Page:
In 2005, the US and France were the top two countries in the world accepting asylum seekers—together welcoming almost 90 thousand people. International law dictates how countries define asylum seekers; the process of getting asylum works in pretty much the same way in both countries.
The biggest difference seems to be attitudes towards asylum as a concept, which get expressed in policy decisions. In the United States, since the September 11, 2001, attacks on the World Trade Center, the government is particularly concerned with security. France’s asylum laws are, of course, wrapped up with Europe, and the EU has a tendency to see asylum seekers as illegal immigrants.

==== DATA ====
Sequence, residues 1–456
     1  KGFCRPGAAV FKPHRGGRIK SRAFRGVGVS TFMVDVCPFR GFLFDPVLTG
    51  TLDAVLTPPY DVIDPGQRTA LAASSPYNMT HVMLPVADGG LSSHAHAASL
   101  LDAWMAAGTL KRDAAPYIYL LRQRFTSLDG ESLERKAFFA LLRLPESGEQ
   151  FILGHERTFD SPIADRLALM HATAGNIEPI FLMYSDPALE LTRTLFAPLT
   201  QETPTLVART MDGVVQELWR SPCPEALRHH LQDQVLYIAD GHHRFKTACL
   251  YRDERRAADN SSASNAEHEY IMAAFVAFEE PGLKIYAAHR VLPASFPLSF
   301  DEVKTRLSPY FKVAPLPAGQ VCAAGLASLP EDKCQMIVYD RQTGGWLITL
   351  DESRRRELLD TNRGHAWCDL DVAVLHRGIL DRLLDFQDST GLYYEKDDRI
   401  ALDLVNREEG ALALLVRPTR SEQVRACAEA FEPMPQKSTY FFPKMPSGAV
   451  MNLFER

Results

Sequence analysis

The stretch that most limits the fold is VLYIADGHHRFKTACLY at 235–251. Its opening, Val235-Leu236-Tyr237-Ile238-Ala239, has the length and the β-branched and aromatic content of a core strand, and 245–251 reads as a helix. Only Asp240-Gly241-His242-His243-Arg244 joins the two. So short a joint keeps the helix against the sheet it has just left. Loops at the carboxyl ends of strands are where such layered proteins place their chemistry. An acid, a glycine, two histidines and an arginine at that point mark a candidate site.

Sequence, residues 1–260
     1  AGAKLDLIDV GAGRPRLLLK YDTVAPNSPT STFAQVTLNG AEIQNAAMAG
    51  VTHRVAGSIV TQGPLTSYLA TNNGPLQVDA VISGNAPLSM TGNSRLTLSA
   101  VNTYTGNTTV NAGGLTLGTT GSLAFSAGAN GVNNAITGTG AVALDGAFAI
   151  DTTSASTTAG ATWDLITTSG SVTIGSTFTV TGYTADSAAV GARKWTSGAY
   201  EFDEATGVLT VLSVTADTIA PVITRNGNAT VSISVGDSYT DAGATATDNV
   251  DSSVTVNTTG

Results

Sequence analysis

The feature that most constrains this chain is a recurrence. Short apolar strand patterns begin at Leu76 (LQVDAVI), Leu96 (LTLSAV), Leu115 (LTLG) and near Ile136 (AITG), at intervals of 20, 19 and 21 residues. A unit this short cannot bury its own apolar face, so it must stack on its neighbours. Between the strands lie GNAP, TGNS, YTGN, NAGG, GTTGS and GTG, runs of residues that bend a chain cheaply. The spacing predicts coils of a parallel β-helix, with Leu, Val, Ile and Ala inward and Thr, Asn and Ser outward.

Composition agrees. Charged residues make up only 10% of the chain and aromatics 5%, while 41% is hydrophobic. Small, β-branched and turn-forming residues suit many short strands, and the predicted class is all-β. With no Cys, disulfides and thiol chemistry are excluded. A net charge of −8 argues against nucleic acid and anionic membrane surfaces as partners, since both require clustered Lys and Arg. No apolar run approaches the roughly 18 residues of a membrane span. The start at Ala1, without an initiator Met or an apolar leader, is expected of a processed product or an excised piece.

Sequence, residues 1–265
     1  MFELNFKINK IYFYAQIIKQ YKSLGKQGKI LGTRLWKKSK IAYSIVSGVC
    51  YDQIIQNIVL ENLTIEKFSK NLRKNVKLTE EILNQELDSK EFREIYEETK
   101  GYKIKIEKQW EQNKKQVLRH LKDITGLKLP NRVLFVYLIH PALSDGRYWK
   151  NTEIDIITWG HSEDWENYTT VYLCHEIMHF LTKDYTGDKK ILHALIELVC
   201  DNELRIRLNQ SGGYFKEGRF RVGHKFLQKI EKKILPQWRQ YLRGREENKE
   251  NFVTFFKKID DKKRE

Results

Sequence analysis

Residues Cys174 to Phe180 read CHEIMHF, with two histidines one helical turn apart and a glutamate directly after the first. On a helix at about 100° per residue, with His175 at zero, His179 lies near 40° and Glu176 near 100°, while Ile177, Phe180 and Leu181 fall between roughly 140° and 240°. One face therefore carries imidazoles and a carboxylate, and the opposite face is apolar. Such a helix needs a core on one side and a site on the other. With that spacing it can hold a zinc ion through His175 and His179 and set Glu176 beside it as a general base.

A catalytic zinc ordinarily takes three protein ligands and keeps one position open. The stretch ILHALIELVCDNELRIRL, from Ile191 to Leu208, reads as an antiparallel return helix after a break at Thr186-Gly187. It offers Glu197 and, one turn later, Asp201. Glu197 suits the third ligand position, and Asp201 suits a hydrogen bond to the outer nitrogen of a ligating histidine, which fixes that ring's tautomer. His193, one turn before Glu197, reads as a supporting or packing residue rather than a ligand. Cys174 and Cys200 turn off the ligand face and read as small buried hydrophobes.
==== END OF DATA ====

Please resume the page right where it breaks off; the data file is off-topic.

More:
This piece looks at how the United States and France (and by extention Europe) figure out who is an asylum seeker. The laws reveal how each country balances its national interests with its humanitarian and international obligations.
This piece aired on December 26, 2006, on Radio France International
Producer: Sarah Elzas (with material recorded with Olivia Bueno)
Recorded in New York, NY, Washington, DC, and Paris, France